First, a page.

Father’s Day

My father finds it hard to believe that he has a sixty one year old daughter.  I find it hard to believe I have a nearly ninety year old father.  I almost didn’t, which is story behind the scarcity of Crab Diaries blogs in the last two months.  If cats have nine lives, Dad must have ten or eleven.  The ninth life flashed before my eyes on April twentieth.

I have a “spiel” for the side effects and late effects of radiation therapy for every disease site. One of the late effects of radiation for abdominal malignancies is the risk of a small bowel obstruction months to years after the treatment.  My little speech goes something like this:  “Every patient who has ever had abdominal surgery, even for benign disease, is at risk for a bowel obstruction at some point later in their lives.  Scar tissue forms adhesions which restrict the bowel—if you’ve had cancer surgery, or an appendectomy, or even, like me, a C-section or two or three—you are at risk.  Radiation increases that risk, but if you recognize the symptoms early, and get treatment, there is a high likelihood that you can avoid surgery.  So if you ever have a period where you are experiencing abdominal distention, and realize that you are not passing gas, and start to feel nauseated, get thee to an emergency room for quick diagnosis and treatment.”

Apparently Dad didn’t get the memo.  In 2004, my mother called me late one evening to report that Dad had been in a car accident.  After running a red light, he was broadsided and found himself in the passenger seat when he should have been driving.  No, he was not wearing a seat belt.  He was taken to the emergency room of the hospital where he practiced, and was found to have a pelvic fracture, but he was “fine” and not to worry.  At his insistence, his colleague, the Chief of Plastic Surgery was called in and pronounced him fit to leave the hospital.  At four am, I got a second call from Mom, asking me “What does it mean that he got up to leave to go home and promptly fainted.”  It meant a ruptured spleen and I told her so.  A few hours and a splenectomy later, all was well– until April.

Dad woke up feeling a little queasy on a Friday after a lovely trip to Phoenix a few days earlier.  The feeling persisted and overnight the symptoms progressed, but being the stoic and ever in denial physician that he is, he knew that the food poisoning or virus would soon be over and he would be back to normal.  But when he described his symptoms to his primary care doctor nearly 30 hours later, she sent him to the nearest emergency room.  By the time I was able to get back to San Diego, he had perforated his obstructed bowel and was headed into surgery, two years after his second open heart surgery and one year after hip replacement, two months shy of his ninetieth birthday.  Surgeons are different from normal people.  At a time when I would have had my arm out for a shot of morphine and hospice, he said simply, “Let’s go for it.”   Six and a half hours later, minus eighteen inches of small bowel, he was brought to the ICU where I was asked, as his next of kin and medical power of attorney, what his code status was.  You know the answer. Despite all of my previous prejudices against family members who refused to acknowledge the obvious—that 90 year olds have to die sometime, he was a “full code.”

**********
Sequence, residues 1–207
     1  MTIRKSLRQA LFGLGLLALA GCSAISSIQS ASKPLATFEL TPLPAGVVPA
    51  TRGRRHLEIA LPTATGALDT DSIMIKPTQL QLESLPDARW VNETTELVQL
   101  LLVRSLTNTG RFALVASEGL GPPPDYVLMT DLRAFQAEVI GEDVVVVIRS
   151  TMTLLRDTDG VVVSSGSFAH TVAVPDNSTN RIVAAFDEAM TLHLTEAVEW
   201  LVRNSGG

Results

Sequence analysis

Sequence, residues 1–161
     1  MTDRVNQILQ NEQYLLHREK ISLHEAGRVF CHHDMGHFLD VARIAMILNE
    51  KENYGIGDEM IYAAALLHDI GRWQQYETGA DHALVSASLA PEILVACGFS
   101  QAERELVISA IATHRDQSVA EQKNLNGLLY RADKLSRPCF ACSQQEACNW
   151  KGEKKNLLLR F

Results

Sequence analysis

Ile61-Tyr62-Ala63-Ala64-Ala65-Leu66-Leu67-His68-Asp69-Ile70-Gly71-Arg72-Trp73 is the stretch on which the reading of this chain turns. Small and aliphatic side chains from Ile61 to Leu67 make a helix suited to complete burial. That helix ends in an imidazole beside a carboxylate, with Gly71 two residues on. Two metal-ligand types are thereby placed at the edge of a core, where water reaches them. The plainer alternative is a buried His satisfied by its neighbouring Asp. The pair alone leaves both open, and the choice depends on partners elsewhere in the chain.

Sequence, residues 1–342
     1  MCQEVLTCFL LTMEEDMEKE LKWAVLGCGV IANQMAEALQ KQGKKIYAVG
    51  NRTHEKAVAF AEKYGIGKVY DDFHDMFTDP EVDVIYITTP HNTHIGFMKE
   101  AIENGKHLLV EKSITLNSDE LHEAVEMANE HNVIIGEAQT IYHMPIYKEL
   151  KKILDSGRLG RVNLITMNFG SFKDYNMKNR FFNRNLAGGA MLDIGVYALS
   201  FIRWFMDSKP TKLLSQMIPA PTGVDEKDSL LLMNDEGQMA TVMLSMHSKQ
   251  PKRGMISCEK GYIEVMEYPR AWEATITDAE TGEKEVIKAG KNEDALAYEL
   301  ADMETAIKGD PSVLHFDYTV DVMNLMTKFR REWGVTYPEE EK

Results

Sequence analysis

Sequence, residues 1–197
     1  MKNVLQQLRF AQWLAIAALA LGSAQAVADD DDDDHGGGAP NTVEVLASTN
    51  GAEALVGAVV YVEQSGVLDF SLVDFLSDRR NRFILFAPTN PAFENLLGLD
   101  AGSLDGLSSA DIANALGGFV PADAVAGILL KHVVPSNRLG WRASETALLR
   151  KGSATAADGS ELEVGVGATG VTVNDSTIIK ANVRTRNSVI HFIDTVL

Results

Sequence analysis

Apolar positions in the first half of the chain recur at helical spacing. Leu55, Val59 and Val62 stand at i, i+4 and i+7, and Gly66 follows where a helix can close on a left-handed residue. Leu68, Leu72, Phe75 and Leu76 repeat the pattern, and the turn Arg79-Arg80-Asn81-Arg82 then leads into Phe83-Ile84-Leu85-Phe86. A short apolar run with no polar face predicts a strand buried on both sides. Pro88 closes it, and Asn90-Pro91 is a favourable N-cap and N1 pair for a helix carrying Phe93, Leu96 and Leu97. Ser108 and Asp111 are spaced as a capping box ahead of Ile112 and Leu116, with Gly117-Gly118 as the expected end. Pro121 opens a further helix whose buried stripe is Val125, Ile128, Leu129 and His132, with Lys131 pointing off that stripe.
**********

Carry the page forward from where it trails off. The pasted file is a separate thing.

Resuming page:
Dad is back home now in his own apartment, feeling a bit tired but generally speaking no worse for the wear.  Despite the fact that my sister and I were at his bedside continuously for a month, when he returned home, he sent a long email to all of his friends describing his ordeal and thanking his girlfriend Evelyne for her devotion to his care.  His daughters were cc’d on the email.  After a serious bout of righteous indignation, I reminded myself that patients NEVER remember their time in the intensive care unit, and that is a VERY good thing.  The entire family will be headed to California in ten days for his big 90 birthday, and we couldn’t be more thrilled.

Happy Father’s Day, Dad, and we sincerely hope there will be many more.  Your loving daughter—M.

For Once, Then, Something

As I was leaving for Boston, I asked if anyone would care to contribute to this blog.  I am still processing the wonderful things that friends and family have sent me.  This one is from my husband.

One drop fell from a fern, and lo, a ripple
Shook whatever it was lay there at bottom,
Blurred it, blotted it out. What was that whiteness?